Monday, December 20, 2010

DOG'S LIFE

by Michael Balaroutsos
     architect

To clarify from the outset. I am a friend of animals.
Seeing these pictures, I wondered if they deserved the 6 years that I studied architecture.
Those who have studied they know,!!! we go to university full of dreams, ready to attribute ambitious ideas, and implement the goals of our lives.
But, to design the house for our dogs pals?
absolutely not.
At least, I do not ever imagined.
Of course now that in my country started to push our economic crisis, I think I started to see it as a very good idea.
My only concern is that I do not know who will survive the crisis (over the next 10 years at least.) People? or our friends ,the animals?
(I heard someone wants house for hamster?)


Dog mansion - Cubix: The Modern Doghouse


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Dog mansion - L├ľNNEBERGA

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Fairytale Dog House

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Alabama Dog House

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English Cottage Dog House

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Luxury Caravan Dog House

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Celebrity White Colonial Dog House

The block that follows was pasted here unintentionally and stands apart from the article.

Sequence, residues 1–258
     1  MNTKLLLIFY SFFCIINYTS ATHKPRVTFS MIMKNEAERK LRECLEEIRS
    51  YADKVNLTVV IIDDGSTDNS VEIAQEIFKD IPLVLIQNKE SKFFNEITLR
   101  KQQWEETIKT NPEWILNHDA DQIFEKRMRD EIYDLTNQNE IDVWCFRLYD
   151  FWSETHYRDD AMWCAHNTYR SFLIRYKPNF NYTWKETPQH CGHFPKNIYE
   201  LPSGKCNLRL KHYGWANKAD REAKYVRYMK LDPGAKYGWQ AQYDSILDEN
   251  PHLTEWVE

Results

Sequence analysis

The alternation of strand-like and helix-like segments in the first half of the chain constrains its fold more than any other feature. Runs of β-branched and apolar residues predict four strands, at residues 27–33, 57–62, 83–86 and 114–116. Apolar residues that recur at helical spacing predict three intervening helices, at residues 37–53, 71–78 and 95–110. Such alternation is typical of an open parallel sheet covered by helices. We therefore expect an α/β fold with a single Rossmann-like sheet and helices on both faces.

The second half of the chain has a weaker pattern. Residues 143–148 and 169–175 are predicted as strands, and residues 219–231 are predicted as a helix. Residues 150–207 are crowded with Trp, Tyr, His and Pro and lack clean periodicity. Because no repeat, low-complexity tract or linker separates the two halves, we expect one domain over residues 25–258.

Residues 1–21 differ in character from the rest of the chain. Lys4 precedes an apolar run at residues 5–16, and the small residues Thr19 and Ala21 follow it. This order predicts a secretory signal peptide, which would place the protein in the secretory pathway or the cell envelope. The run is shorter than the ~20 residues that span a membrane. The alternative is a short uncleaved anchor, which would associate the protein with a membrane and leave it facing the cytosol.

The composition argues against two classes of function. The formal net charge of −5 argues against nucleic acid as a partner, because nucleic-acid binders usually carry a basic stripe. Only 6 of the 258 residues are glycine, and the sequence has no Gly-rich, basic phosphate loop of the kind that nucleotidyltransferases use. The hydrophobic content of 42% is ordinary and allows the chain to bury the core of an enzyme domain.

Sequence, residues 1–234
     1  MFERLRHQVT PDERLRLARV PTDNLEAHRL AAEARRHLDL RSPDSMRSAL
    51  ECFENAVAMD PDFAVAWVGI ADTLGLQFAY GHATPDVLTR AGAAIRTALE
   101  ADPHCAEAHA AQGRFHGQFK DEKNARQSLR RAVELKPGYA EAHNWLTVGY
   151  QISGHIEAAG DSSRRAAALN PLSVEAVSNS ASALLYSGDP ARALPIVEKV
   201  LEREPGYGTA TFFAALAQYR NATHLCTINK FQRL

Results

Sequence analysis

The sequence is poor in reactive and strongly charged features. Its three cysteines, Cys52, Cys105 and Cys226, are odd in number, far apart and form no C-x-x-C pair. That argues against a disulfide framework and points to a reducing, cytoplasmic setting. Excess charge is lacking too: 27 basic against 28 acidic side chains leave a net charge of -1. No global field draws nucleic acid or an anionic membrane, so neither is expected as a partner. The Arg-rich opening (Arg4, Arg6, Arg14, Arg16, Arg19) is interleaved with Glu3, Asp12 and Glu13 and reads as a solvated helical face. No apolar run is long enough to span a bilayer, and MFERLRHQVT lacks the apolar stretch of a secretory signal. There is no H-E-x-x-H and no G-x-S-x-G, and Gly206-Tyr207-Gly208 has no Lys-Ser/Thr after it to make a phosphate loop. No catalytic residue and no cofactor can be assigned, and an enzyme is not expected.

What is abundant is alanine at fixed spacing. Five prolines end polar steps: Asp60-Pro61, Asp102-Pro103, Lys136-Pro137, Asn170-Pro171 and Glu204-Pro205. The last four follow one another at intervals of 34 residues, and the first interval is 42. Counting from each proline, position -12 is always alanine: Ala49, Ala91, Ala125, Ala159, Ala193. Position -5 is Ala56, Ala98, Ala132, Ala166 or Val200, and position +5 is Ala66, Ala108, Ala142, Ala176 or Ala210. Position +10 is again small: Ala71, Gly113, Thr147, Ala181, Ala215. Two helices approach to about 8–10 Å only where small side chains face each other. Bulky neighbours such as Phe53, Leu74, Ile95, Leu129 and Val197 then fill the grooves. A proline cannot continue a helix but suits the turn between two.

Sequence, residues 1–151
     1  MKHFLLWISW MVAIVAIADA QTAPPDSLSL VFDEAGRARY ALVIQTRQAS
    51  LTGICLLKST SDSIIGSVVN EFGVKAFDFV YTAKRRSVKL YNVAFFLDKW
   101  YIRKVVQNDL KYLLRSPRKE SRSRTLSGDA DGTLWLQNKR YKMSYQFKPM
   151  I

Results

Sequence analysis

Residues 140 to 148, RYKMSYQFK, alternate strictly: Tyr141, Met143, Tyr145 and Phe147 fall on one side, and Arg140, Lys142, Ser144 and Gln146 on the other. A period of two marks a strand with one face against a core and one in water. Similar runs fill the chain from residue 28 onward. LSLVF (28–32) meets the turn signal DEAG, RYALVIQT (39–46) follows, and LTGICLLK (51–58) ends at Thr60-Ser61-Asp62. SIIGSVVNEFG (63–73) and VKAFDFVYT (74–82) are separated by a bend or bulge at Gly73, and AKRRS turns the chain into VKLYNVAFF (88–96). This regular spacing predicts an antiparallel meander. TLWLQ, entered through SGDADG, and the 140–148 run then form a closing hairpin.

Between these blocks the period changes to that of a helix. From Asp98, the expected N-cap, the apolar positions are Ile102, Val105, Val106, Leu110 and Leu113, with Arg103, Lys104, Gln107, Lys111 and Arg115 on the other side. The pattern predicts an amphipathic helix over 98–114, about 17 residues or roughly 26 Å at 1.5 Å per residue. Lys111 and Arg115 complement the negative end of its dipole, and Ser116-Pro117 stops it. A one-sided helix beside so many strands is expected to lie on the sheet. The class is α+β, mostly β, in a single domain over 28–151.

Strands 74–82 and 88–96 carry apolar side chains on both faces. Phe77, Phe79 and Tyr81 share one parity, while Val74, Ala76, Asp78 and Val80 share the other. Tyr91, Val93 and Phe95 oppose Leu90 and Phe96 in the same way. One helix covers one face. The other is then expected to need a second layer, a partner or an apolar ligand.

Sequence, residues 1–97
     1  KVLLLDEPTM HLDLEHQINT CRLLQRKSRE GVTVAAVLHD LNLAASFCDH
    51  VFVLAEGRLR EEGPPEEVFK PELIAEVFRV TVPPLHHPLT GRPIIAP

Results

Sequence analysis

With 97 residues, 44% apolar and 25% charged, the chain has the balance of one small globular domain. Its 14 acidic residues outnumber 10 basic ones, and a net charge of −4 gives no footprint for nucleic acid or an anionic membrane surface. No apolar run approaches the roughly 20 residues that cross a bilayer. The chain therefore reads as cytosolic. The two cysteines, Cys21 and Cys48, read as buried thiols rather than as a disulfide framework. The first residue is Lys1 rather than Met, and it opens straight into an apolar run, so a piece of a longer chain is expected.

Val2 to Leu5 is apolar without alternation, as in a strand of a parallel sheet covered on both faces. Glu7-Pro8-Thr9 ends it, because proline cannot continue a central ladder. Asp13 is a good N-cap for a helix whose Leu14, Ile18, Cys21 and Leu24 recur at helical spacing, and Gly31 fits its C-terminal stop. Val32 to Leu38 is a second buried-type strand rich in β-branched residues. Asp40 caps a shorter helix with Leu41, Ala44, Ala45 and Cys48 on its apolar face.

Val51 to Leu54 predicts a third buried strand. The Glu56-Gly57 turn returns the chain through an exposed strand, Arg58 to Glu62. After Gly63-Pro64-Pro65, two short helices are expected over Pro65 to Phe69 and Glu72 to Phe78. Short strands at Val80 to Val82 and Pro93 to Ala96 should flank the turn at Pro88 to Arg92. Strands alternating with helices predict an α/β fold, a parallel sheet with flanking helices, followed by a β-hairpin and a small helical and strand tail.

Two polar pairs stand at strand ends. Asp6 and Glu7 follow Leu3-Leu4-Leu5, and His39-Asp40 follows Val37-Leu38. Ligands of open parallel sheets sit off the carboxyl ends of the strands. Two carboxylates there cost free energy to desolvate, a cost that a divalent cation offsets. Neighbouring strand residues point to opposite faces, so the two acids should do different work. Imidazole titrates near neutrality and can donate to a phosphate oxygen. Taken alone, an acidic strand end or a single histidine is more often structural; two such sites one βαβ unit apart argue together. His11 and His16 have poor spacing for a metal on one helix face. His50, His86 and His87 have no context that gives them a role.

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Townhouse Indoor Dog House

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Celebrity Brick Estate Dog House

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Celebrity Hacienda Dog House

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Move: Choreographing You / Amanda Levete Architects - eVolo | Architecture Magazine


Move: Choreographing You is an exhibition of visual and performance art curated and hosted by the Hayward Gallery on LondonÔÇÖs Southbank. The theme of the exhibition focuses on sculptures and installations which invite the visitor to become both participant and performer through interaction with performers, visitors, and the pieces themselves.
Amanda Levete Architects was commissioned by the Hayward Gallery to do the interior spatial design and planning of the exhibition, as well as develop a multi-media archive in collaboration with interactive designers Unit 9. The exhibition design was driven by the relationships between choreography and geometry, movement and form. Inspired by the photographic motion studies of the human body of Etienne-Jules Marey and Eadweard Muybridge, we have created a collection of spatial dividers which are defined by a serial transformation of a single material: a sequence of folded oscillations of Dupont Tyvek. The resulting translucent paper-like fabric ribbons, a counterpoint to the brutality of the building, rise and fall with undulating folds which simultaneously define themselves as way finding devices, partitions, suspended ceilings, and portals. These fluid spatial and formal transformations choreograph the movement of the visitor through areas of sculpture, film, archive and performance.